// which we can edit with the mouse
controlShape.tweaky = true

// translucent white
controlShape.color = vec(1,1,1,0.25)
controlShape.thicken = 1
_.lines.controlShape = controlShape

// make it editable

// at this point controlShape might no longer be a rectangle, after some edits

// build a list of 'spans' (diagonals between control points)
var spans = []
for(var i=0;i<controlShape.nodes.size()-3;i++)
	var a = controlShape.nodes[i].to
	var b = controlShape.nodes[i+2].to
	var span = new FLine().moveTo(a).lineTo(b)
	span.color = vec(0,0,0,1)
	// draw the spans as well	

// defines a function that build's a tour of the spans
tour = (along) => {
	var f = new FLine()
	// we do the spans once
	for(var i=0;i<spans.length;i++) {
		var at = spans[i].sampleAt(along)		
		// we wobble where we are sampling the span a little
		along += (Math.random()-0.5)*0.05
	// and then do the 'other side'
	for(var i=0;i<spans.length;i++) {
		var at = spans[i].sampleAt(1-along)		

		// we wobble where we are sampling the span a little
		along += (Math.random()-0.5)*0.05
	// connect with the start of the line again
	f.color = vec(0,0,0,0.5)

	// and draw it

// draw 100 tours starting at 0 and ending at 0.5
for(var x of Anim.lineRange(0, 0.5, 100))

Some points of departure

  1. shape — try a different input shape
  2. randomize — every ‘Math.random()’ marks a random distribution that might be worth manipulating
  3. decorate — the tours further: build a reason to ‘curveTo’ rather than ‘lineTo’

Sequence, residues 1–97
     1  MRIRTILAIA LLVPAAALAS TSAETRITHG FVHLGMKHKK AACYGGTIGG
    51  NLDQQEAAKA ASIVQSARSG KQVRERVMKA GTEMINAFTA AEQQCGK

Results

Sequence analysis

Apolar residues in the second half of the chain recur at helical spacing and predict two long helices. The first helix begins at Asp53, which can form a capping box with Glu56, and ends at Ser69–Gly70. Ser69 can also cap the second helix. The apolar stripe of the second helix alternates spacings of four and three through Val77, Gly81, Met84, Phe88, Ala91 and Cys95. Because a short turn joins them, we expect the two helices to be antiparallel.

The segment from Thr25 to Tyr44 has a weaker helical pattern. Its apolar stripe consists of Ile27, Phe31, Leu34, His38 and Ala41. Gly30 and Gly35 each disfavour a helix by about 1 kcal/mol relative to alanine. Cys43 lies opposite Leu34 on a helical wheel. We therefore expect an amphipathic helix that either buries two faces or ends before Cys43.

4. animate — turn this into an animation with _.wait() and _.redraw()

“…as determined by the tool used to make it…”

Point and Line to Plane, Kandinsky, pg. 50-1

// clear all the lines in this box

// we are going to draw to 'FLine' -- one with lots of points
var points = new FLine()

// and some 'decorative' connective lines
var littleLines = new FLine()

points.color = vec(0,0,0,0.4)

_.lines.points = points
_.lines.little = littleLines

// we'll do 5000 clusters
for(var i=0;i<5000;i++)
	// pick a point that's in a square from -1 to 1
	var dir = vec(0,0).noise(1)
	// if it isn't inside a circle, reject it
	if (dir.length()>1) continue
	// choose this as our point (a circle radius 300, centered on 500,500)
	var point = vec(500,500) + dir*300
	// draw 10 points for each cluster
	for(var m=0;m<10;m++)
		// draw little clusters of 'radius' 4 around 'point'
		var dir2 = vec(0,0).noise(4)

Some points of departure

  1. Animate the process. With _.redraw() and _.wait()
  2. Modify the ‘decoration’ (littleLines)
  3. Splotch along a line (perhaps towards pg. 105)